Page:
The AP: At It Again
The Associated Press uses three day old interviews about the Bush Guard memos to make a poltical point.
4:50 PM, Sep 13, 2004 • By KATHERINE MANGU-WARD
"FRANK JONES says he's angry about newly revealed memos that indicate President Bush got preferential treatment in the Air National Guard during the Vietnam War." So reads the lede of an AP story released on Saturday, September 11.
But Frank Jones isn't "angry" anymore. In fact, says Jones, who served in Vietnam in 1970 and 1971 before doing 16 years in the National Guard, "the memos have no bearing" and "the documents, to me, became irrelevant." When he spoke on the telephone with THE DAILY STANDARD on Monday, he said the AP dispatch reflects "a good synopsis" of the conversation he had with AP writer Michael Gormley. However, he says, when the interview took place on Thursday or Friday, Gormley simply asked him if he was "aware of the memos," without mentioning that their authenticity was questionable.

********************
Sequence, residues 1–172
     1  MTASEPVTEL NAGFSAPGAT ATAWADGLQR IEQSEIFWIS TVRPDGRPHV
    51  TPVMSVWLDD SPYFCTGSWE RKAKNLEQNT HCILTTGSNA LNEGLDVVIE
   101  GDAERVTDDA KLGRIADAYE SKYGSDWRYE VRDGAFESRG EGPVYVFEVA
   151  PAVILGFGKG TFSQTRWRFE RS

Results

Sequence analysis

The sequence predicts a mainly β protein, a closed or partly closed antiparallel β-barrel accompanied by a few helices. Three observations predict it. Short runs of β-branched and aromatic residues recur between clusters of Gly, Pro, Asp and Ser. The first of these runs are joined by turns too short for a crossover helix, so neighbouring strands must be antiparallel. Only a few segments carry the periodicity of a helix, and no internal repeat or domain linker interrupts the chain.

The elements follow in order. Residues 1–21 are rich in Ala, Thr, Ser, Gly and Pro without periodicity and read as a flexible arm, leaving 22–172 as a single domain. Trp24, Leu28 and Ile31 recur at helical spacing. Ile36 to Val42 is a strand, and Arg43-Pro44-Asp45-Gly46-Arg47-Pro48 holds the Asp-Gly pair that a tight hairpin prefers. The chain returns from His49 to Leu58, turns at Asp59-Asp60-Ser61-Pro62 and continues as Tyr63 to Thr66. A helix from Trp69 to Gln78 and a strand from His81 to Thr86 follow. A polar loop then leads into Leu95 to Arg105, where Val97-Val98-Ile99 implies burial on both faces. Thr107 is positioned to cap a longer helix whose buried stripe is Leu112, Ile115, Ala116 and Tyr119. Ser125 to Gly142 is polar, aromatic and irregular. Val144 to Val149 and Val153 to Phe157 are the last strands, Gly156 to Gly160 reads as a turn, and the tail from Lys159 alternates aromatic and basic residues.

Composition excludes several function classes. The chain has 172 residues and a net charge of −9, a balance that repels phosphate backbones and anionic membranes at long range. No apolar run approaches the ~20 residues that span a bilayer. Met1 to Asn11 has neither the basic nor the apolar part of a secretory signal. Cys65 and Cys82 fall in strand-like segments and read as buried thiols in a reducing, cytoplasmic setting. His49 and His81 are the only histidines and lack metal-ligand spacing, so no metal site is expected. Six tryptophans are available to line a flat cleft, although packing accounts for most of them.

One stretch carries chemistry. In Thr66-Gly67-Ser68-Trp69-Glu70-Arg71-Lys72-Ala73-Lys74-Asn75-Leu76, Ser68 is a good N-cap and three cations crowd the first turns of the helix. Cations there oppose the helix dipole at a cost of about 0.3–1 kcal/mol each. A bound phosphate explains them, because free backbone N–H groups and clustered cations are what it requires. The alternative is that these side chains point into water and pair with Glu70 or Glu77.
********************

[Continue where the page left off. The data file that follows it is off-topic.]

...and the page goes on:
This might have been understandable if the piece had come out on Thursday, when the story was still swirling around the blogosphere. But by Friday questions about the memos had developed sufficiently to merit on-air rebuttal from Dan Rather, and an AP story about the controversy.
The other central Bush detractor in the Saturday AP story was Ahmad Majied, a Vietnam veteran who served 30 years in the Navy. He is quoted calling Bush a "playboy" and saying, "I think his main concern was not to go to Southeast Asia." Majied now says "whether he was a playboy or not, I don't know." He also says that he "was misquoted" and that he "had no idea this thing was going to take the form it has taken."
Elliott Minor, the AP writer who had the main byline on the story, "is a local guy" says Majied. "I thought I was speaking to him as an acquaintance" and, though he says he "should have known better, . . . I had no idea that I was being writ down as the guy who was bringing the case against George W. Bush. That was not the case."
The story contains a passing reference to questions about the memos' authenticity in the fifth paragraph. This, combined with the Saturday publication, was late enough to assume that the writers knew about the problems with the documents. But their interview subjects did not when they spoke with the AP writers. In the era of blogs and instant internet response, the AP should have known better than to serve leftovers on Saturday.
Katherine Mangu-Ward is a reporter at The Weekly Standard.